SALEM, N.H. — Planning Board members say they are skeptical about a charitable casino project proposed for the Depot intersection.
Traffic is often heavy and slow moving at the intersection, which is being reconfigured in a $24 million project. Board members said they are concerned that the proposed two-story casino building with nearly 14,000 square-feet for gaming and a restaurant would add to those traffic problems.
The developer, the Lupoli Companies owned by well-known local businessman Sal Lupoli, previously had an approved plan for a multi-use restaurant, retail, office and residential space at the 1.3-acre site. As the coronavirus pandemic continues to impact the economy, however, Lupoli Companies said it no longer sees that plan as feasible and is instead proposing the restaurant and casino.
“When we look at what life is going to be like for the foreseeable future, we think we are going to struggle to find a niche for the small retailers and the small restaurants and the small office space broken up the way that it was in the three buildings (in Lupoli's earlier proposal), particularly when you look at everything that’s happening at the Tuscan Village (a nearby mixed-use project),” said Rick Fryberger, an engineer for the TEC firm that represents Lupoli Companies.
Fryberger's comments came at an Aug. 25 Planning Board meeting — the first time board members were able to talk with the engineer about the casino project. The developers have received feedback from the board and, based on that information, are reworking the plan in hopes it will eventually gain the board's approval.
The project proposes a traffic pattern requiring drivers to take a right turn only into the property and also a right turn only to exit. Board members said such a traffic pattern has not worked in other locations in town.
“Trying to do a right-in, right-out sounds good on paper, but I can tell you right now it does not work," said Linda Harvey, an alternate member of the board. "There are going to be people stopping on Route 28 and other cars backed up behind them are going to be backed into the intersection and things are just going to turn into a gridlock situation.”
Mike Lyons, a selectman and Planning Board member, agreed.
“Chasers (the other charitable gaming casino in Salem) is over by our best intersection, and this place is going to be over by our worst intersection. Despite the fact that we and the state are putting $24 million into it, it’s still going to be an ‘F,’'' Lyons said of the Depot, which state transportation officials have given a poor "F'' rating because of its problems. "So I think this is a tough one.”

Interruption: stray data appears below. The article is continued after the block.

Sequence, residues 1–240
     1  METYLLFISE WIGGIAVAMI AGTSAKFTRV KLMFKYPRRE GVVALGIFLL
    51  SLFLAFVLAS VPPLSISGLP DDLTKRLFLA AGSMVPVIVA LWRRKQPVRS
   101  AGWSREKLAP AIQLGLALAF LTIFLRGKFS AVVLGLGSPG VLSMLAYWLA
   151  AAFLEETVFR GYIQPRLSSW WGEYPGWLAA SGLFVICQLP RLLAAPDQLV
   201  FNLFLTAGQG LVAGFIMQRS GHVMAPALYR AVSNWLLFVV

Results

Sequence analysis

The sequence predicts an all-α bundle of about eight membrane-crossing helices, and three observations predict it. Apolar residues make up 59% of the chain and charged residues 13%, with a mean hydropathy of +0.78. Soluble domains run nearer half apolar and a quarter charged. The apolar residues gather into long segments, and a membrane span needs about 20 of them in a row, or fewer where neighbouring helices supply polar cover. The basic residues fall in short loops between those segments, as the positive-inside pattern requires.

As part of the Planning Board review, the developers must do a traffic study showing how the project will affect the intersection. State officials will also likely comment on the study because reconstruction of the Depot intersection is being paid for by the state.
Other Planning Board members, including Jeff Hatch and Chairman Keith Belair, said the proposed restaurant and casino go against the area's existing zoning. Zoning in the Depot area is designed for mix-use projects, like the previous plan submitted by Lupoli Companies. The idea of the zoning, according to board members, is to increase foot traffic and decrease car traffic in the area, which has long been known for backups of vehicles.
“This project (the casino) is going to bring in more car traffic and less foot traffic,” Hatch said.
The developers also face a parking issue. The project has 79 parking spaces, leaving the developers to look for ways to create more spaces, Fryberger said.
“We expect there is going to be some discussion around parking and traffic especially," he said to the board. "We know that’s a heavily traveled roadway. The intersection specifically is a challenging intersection, which is why it’s being repaired. So we look forward to discussing those issues with you.”
The project might also have to go before the town's Zoning Board of Adjustment because the proposal involves three parcels of land, one of which is not zoned for charitable gambling, town officials said.
During the planning process, the developers would also need state approval for a charitable casino. The state has not received an application or any information about the project, said Maura McCann, a spokesperson for the New Hampshire Lottery Commission.
Charitable poker rooms and casinos in New Hampshire must give 35% of their gross revenue to local charities and 10% to the state lottery, according to state rules. Chasers gave about $3 million to local charities last year, according to owner Lisa Withrow.
New Hampshire has 55 charitable gaming facilities. There are no limits on how many such facilities can be put in a community, McCann said.